Hopefully, this doctor I’m seeing tomorrow will help me find not only myself but my missing words. Sadly, my laptop sits in the corner collecting dust. Every time I walk by it, I feel it silently judging me. Begging me to flip the lid and start writing again. But the last words I’ve written were on the morning of Michael’s death. The manuscript hasn’t been opened since, for two whole years. My latest novel sits in an unfinished document. How can I finish writing a love story when the love of my life is gone? The remaining pages lay blank, like my days.
Funny how life truly can imitate art.
Less than an hour later, I find myself standing on the sidewalk in front of Bookmark It! with mama, staring at the front door. I’m not sure if I can strum up the braveness required to walk inside. Before this depression took over my life, I’d find solace between the pages of a book. Before I was an author, I was an avid reader. Everything in my life now is before.
Dammit, I need there to be an after. It’s not a question of my wanting there to be an after, I need there to be one. Screw it, I’m going in. This very second. Mustering up every ounce of courage I have, I stride toward the entrance. Pushing open the door, the familiar jingle of the bell covers me in an odd sort of calmness. Breathing in deeply, I take a moment and close my eyes.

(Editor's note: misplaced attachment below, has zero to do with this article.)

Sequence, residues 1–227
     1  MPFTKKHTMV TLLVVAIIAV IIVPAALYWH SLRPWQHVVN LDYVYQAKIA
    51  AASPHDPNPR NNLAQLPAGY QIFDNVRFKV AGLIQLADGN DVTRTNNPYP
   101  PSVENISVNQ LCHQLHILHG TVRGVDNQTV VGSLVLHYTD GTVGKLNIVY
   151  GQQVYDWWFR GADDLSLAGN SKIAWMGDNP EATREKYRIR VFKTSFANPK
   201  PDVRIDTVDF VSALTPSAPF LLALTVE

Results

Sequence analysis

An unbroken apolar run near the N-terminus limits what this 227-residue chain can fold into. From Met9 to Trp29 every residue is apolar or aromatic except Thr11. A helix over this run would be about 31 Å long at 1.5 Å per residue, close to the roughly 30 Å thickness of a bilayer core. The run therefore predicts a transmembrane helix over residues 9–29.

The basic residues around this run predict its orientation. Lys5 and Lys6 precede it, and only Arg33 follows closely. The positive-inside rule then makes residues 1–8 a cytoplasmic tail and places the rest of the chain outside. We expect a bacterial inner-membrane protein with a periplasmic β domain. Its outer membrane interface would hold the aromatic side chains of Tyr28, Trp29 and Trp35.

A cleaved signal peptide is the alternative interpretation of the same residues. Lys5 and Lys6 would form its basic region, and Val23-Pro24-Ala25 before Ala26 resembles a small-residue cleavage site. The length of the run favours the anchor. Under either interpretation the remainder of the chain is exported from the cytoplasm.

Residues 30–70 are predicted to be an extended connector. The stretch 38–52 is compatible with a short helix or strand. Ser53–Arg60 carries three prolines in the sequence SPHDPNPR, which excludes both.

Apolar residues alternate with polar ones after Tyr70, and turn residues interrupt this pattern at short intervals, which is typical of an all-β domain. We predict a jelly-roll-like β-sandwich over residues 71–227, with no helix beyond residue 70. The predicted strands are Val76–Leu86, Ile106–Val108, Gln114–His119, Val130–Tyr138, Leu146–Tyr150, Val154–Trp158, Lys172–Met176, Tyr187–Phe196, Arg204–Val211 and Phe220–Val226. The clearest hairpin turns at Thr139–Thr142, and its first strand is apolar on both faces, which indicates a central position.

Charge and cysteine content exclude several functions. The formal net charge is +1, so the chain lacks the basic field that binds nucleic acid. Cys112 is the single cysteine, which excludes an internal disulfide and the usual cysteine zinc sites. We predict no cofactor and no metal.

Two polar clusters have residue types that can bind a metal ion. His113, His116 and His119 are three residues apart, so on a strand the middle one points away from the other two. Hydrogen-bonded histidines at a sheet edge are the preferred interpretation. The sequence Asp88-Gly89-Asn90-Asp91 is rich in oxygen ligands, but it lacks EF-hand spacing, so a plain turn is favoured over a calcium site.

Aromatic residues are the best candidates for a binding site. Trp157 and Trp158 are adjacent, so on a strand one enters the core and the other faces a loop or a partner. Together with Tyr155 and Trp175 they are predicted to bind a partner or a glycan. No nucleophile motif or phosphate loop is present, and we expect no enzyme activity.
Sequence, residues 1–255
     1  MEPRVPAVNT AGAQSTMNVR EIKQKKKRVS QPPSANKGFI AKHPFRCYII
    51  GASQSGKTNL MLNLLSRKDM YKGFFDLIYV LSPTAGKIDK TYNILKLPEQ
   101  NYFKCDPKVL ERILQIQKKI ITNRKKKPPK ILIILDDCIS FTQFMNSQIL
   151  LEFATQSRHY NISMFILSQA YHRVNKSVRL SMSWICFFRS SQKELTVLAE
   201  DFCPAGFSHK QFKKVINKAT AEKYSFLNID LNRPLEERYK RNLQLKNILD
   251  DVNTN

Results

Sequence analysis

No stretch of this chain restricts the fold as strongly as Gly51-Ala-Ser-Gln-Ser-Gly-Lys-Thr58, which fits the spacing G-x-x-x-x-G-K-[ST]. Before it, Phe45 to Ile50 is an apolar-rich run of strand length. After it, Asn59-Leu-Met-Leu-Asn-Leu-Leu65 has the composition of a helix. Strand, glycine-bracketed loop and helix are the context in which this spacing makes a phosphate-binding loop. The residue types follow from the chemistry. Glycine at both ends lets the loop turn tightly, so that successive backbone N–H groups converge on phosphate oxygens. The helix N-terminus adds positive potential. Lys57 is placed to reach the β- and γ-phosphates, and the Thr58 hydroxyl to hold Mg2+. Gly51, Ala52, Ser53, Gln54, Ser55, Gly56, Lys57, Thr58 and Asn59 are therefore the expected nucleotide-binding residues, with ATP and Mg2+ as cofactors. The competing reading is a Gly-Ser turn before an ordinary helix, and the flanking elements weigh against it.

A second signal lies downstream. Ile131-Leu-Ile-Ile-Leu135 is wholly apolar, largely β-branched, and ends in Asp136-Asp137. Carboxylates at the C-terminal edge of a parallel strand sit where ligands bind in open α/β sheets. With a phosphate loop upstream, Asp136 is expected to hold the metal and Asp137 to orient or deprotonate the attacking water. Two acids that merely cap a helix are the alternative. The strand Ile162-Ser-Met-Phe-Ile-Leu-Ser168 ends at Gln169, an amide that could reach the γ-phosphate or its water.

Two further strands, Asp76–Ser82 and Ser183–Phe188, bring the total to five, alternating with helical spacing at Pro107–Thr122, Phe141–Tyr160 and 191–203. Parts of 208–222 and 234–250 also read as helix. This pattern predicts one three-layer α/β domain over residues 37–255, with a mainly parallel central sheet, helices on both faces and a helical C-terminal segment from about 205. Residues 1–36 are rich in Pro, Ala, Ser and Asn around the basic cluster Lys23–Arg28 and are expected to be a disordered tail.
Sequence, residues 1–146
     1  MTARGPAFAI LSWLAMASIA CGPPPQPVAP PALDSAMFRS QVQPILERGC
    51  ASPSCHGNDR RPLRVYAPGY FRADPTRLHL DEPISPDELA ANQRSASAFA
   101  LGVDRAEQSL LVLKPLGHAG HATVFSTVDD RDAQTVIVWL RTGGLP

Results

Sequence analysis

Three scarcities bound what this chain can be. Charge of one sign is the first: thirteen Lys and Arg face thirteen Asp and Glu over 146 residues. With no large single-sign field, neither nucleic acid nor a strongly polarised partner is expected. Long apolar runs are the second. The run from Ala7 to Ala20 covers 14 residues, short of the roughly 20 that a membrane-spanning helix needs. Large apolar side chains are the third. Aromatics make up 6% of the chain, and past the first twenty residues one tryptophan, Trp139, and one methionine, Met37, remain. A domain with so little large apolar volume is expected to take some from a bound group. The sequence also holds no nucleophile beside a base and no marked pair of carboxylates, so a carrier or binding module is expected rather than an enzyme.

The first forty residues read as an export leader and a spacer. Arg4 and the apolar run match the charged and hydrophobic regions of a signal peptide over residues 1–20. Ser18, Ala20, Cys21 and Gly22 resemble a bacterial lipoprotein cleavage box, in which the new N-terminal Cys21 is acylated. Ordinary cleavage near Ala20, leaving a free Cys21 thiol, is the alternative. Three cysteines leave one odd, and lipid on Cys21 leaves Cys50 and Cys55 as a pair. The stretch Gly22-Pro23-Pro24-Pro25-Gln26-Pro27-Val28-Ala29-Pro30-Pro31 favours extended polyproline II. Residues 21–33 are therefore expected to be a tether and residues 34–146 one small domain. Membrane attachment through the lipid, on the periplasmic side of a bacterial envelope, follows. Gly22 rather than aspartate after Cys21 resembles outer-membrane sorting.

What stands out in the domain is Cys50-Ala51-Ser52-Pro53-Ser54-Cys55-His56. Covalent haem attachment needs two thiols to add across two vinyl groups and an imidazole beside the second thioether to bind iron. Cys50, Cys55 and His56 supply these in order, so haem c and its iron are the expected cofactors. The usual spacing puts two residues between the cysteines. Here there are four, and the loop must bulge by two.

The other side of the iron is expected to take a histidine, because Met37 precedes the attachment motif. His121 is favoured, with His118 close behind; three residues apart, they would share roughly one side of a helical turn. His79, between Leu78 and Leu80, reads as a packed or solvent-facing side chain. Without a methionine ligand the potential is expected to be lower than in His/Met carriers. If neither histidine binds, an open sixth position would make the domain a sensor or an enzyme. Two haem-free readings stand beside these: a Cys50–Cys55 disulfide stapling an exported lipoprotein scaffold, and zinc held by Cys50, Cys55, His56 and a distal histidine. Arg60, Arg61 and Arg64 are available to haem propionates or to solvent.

This feels like home.
“Tenley, my goodness. How lovely it is to see you. Hello to you as well, Maria. You didn’t mention my sweet Tenley was coming with you when we spoke a while ago. What a lovely surprise,” Luellen, the storeowner and mama’s best friend, exclaims.
“She didn’t know for sure if I was coming with her, Lu. It’s nice to see you, too. Beautiful as always,” I compliment her because she’ll forever be beautiful to me.
Lu’s always been one of my favorite people. Having grown up around her, she’s family to me. Not quite old enough to be my aunt, she’s more like my older sister. Hair of fire engine red and hips plump as soccer balls, she’s been a fixture in my life for as long as I can recall. Her hair is the same today as it was when I was five. Her arms are covered in tattoos, something uncalled of in the Cleary family. It’s another reason why I love her. I’ve secretly always longed for a tattoo or two of my own. Although I’ve never been quite brave enough to actually get one. Michael had a few and admittedly it’s one of the features that first drew me to him.
“It’s a pleasant surprise indeed. How are you, sweet girl?” Lu asks.
“I’m…well.” Depressed as fuck, but nobody wants to hear the truth. “Thank you for asking. The store looks amazing, by the way. I love the new color on the walls, the deep lavender makes a bold statement.” Please don’t ask about my writing.